I was recently invited as the Keynote Speaker at the AGM and seminar of Co-operatives NW, the Regional Co-operative Council, at Preston Town Hall.
You can see my presentation, which includes a detailed presentation on the Mondragon Co-operatives, below:-
Mondragon Presentation Sept 2013
consultancy.coop, a worker co-operative of third sector consultants of which I’m a member has launched a brand new service aimed at organisations that are raising investment funds through a Community Shares Issue.
This is becoming an increasingly popular way to raise funds directly from the public, bypassing the tortuous process of grant and loan applications, and providing a direct democratic link to the individual investors
Go to the site:- www.shares.coop
I recently chaired this event, at which Ed Mayo, Secretary General of Co-operativesUK, announced a radical new plan to give football fans a realistic chance to be in charge of their club.
Speaking at the Community Ownership of Sport conference, sponsored by the Co-operative Group and organised by Co-operatives & Mutuals Wales at the SWALEC Stadium in Cardiff on Feb 22nd, Ed said: –
“I call on Government to introduce legislation that will allow supporters the right to buy their club and convert it to a co-operative if 75% of season ticket holders are in favour of the move. And this should be fast-tracked for clubs in difficulty along with the right to buy at a fair market valuation.”With teams from all leagues in the domestic game, from Portsmouth to Cardiff City, facing a daily struggle to survive with the reality of debts and the threat of administration hanging over them there is a real chance that a vital community asset could be lost. According to Ed Mayo a co-operative approach to football ownership could pay dividends for clubs and supporters alike. “Football clubs are much more than just a business – they are a way of life for many people. As well as being sports clubs they have a massive influence of the financial, cultural and sporting environment in most towns and cities in the country.”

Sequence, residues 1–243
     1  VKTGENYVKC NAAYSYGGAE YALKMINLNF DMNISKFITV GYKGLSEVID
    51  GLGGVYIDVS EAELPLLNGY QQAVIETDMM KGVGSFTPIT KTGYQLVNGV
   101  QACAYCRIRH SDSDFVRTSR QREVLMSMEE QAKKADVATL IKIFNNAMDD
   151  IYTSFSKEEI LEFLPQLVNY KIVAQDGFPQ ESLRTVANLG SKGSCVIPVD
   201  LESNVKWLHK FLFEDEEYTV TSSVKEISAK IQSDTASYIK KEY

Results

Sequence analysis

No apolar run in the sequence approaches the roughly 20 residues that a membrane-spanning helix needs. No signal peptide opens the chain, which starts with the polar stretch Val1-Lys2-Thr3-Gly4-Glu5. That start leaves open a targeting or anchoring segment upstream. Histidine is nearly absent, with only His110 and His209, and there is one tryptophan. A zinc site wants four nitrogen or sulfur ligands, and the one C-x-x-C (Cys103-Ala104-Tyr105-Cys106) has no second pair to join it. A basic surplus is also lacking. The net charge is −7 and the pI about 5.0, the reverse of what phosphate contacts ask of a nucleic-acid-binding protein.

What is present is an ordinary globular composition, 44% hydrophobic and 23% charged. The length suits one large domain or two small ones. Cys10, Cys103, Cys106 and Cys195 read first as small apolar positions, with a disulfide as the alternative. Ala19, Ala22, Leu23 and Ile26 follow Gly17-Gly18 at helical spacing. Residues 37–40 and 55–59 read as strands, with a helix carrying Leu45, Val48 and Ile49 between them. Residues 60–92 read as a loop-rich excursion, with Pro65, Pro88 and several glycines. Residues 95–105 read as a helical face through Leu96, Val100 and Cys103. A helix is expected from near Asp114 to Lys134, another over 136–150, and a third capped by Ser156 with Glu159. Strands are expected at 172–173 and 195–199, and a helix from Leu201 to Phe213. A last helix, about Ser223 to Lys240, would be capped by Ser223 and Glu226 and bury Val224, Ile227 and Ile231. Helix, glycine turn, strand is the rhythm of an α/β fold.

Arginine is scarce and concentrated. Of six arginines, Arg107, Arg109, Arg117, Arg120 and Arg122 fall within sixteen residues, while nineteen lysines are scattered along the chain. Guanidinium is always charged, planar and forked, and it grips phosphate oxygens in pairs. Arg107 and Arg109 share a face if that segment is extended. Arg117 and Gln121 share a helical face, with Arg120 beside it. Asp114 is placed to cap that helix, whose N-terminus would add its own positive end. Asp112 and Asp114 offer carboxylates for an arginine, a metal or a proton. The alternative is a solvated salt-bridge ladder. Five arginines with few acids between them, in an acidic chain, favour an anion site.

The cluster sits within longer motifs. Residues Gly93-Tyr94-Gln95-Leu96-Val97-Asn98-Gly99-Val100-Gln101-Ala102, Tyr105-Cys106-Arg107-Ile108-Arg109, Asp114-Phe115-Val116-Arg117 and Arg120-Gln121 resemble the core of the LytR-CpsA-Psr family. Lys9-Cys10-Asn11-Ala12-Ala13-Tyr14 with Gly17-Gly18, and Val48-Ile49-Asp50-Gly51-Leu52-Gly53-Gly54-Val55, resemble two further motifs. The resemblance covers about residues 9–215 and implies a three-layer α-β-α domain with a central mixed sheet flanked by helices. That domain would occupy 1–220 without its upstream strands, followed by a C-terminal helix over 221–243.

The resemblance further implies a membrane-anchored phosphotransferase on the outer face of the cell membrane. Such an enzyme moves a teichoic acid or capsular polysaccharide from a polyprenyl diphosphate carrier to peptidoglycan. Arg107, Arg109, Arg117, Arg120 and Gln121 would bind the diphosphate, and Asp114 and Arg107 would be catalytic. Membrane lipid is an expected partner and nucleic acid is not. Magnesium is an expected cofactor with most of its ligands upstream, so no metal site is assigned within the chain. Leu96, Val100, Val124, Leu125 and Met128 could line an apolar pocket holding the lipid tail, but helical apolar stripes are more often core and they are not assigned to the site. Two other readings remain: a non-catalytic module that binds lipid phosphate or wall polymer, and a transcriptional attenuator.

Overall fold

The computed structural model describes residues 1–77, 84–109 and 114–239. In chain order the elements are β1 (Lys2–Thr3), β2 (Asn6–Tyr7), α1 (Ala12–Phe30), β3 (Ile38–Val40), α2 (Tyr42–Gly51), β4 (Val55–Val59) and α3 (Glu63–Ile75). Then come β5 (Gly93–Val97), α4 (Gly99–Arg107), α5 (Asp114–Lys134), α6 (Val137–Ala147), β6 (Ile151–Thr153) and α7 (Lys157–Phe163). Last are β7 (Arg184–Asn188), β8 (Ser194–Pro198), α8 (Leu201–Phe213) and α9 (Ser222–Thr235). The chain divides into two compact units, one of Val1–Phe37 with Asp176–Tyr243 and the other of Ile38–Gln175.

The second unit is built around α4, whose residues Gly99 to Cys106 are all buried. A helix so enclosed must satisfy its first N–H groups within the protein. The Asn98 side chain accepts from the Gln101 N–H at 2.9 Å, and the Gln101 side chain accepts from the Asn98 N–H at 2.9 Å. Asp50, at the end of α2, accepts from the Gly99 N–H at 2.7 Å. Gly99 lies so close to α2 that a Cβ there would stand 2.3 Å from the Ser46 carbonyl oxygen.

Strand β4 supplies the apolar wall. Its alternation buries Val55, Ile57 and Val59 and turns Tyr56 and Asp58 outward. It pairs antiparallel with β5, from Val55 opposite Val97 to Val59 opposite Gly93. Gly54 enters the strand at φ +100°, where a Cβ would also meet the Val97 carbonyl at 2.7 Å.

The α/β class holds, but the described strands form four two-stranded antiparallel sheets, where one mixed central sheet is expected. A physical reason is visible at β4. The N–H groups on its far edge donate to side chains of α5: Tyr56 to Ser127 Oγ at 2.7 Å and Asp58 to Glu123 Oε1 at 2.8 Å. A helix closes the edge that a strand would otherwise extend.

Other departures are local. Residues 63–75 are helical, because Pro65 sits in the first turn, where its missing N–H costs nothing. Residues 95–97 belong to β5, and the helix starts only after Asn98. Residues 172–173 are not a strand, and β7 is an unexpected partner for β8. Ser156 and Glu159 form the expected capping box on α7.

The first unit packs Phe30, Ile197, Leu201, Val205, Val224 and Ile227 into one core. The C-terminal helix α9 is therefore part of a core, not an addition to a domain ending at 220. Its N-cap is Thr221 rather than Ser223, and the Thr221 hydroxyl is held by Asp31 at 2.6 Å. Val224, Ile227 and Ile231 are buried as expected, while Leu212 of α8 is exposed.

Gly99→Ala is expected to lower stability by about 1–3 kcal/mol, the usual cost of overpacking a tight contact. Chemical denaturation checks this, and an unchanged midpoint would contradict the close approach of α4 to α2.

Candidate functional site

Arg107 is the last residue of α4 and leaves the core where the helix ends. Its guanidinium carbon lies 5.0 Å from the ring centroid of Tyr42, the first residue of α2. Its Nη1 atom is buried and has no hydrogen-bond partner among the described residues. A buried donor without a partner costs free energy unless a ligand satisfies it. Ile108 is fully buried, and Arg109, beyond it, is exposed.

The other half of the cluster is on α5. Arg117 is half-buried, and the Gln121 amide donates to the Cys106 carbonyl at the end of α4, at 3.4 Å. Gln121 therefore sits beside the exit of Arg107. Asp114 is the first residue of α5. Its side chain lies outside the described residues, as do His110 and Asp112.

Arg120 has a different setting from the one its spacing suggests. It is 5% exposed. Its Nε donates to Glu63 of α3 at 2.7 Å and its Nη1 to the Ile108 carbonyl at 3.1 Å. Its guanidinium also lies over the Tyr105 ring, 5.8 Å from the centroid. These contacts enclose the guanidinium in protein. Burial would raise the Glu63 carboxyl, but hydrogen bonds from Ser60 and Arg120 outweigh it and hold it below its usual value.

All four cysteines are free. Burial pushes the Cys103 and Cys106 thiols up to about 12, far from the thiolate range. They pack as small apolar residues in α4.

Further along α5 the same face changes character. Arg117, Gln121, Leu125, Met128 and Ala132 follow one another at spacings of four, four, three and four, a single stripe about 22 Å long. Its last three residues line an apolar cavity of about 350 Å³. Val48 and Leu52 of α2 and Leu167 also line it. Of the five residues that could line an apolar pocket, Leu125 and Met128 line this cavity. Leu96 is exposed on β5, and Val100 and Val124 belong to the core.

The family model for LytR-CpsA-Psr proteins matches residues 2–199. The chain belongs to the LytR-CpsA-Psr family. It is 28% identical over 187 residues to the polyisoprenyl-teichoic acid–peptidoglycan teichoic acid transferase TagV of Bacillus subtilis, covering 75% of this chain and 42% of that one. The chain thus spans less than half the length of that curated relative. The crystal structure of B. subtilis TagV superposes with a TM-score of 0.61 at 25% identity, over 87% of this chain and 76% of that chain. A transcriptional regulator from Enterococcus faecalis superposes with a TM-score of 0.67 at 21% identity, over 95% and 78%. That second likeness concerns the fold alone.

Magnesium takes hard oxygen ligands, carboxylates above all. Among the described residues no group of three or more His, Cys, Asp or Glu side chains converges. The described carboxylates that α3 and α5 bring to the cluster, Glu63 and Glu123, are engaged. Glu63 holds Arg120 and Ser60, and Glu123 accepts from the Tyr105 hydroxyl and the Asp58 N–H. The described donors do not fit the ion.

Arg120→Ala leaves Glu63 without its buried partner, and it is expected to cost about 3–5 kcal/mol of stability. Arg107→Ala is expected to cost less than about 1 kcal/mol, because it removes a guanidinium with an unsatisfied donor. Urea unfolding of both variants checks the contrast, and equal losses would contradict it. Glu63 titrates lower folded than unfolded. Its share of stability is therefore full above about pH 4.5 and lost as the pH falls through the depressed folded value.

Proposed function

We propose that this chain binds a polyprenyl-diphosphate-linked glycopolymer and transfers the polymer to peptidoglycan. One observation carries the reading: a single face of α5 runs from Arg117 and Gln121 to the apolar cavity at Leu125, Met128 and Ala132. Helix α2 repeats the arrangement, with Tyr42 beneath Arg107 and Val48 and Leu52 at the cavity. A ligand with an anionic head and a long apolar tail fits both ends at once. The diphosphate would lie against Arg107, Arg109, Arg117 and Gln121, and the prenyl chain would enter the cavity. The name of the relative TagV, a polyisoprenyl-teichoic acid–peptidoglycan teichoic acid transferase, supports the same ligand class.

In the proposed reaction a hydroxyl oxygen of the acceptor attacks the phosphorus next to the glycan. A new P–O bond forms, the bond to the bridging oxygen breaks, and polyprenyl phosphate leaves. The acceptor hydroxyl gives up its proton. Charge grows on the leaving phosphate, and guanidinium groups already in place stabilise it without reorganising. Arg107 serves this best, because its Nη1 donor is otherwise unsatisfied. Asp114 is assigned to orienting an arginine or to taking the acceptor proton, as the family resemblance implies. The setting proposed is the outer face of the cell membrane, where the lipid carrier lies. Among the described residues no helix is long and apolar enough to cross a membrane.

“Thousands of people follow their team week in week out, giving them tremendous support, and as a result fans, the cog that keeps the engine running, should have a say on how the club is run.